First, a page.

Like New Coke, this post may not go over well, but discovering this newfangled thing called YouTube has allowed me to see the singers of the songs I had only heard and never seen. I have determined that in the pre-MTV era, one could secure a recording contract based solely on one’s musical skills and a face made for radio.Prior to viewing this performance on Burt Sugarman’s The Midnight Special (which I honestly had never heard of until today), I figured the band Exile was composed of manly men. Surely fronted by a manly man, anyway. Indeedy do, I was wrong.
First off, let me say that I INSISTED this song be played at my wedding. And not a wedding in the 70s or 80s or even the 90s. My wedding was in this millennium. The Buck Rogers one. Oh, wait, not that. And my request to the DJ was not made ironically; both my betrothed and I honest-to-God like the song. And so did a few hundred thousand others; it reached Billboard’s Top 40 in August 1978 and remained on the chart for seventeen weeks.
The performance starts out well enough; a normal-looking guy on lead guitar, rocking to the rhythm of the sexy intro. Soon there is a sea of keyboards. Too many keyboards. It’s like a Casio convention. I’m confused. And then suddenly Satin Jacket is at the mike, singing, “I want to be your fantasy” but can’t quite stay in key.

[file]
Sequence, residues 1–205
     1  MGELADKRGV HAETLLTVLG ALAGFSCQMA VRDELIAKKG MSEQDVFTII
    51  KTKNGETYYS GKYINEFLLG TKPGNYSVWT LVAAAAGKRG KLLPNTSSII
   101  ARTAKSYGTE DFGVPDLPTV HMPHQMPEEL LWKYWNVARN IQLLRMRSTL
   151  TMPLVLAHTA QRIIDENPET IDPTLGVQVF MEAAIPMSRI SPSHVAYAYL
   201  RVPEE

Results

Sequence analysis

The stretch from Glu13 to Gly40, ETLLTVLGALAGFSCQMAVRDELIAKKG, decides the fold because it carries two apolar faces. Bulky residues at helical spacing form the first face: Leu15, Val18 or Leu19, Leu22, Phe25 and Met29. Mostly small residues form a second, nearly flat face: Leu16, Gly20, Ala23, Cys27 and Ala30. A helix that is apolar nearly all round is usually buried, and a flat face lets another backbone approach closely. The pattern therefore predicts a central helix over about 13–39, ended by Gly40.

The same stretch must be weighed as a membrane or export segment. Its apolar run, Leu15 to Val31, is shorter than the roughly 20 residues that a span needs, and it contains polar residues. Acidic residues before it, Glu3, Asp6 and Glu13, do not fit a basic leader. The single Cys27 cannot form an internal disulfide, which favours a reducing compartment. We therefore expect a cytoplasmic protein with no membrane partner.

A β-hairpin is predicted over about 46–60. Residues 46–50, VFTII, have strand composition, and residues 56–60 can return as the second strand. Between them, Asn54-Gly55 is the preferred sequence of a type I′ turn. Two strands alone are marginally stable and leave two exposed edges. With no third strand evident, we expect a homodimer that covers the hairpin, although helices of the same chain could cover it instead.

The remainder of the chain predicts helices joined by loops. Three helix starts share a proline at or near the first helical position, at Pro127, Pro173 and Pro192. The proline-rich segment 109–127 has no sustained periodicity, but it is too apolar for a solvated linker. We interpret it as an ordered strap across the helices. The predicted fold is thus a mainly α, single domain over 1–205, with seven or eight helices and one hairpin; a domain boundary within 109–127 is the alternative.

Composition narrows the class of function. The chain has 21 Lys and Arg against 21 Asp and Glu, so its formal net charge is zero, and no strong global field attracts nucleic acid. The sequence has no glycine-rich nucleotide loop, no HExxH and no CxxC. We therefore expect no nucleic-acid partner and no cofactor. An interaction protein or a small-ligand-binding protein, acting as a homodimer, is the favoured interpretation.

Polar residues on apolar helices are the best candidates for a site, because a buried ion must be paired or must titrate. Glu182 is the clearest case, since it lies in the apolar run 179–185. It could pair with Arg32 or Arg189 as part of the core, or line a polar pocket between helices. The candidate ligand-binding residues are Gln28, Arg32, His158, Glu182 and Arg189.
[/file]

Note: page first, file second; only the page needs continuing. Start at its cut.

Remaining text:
Fortunately, the lead guitarist takes over vocal duties, and Satin Jacket whips his mane about like a seizuring Taylor Swift in a blue jumpsuit. Something is not right. Lead singer Jimmy Stokley’s face is worn, puffy, dry and unfresh. If a man can be rode hard and put up wet, that’s what happened. Was it drugs or alcohol? He just doesn’t seem as lucid and alert as the others. He seems to be operating in some level of delusion wherein he is instead the Aerosmith frontman. It can never be so. The high harmony at the bridge is something to behold. Neither keyboardist nor drummer nor bass player get any face time from the cameraman. I think it would have been beneficial to balance it out. As the song ends, Stokley does a disturbing deep-knee bend in his jumpsuit, and shows the world all his kibbles and bits. I’m sorry you had to see that. Then he jumps high into the air like a rock star, indicative of the era.
Exile, however, was destined for country success, and Stokley left the band the following year (in effect, going into exile). He died at the age of only 41. Such a shame. But each time the radio spins “Kiss You All Over,” his vocals continue to live on.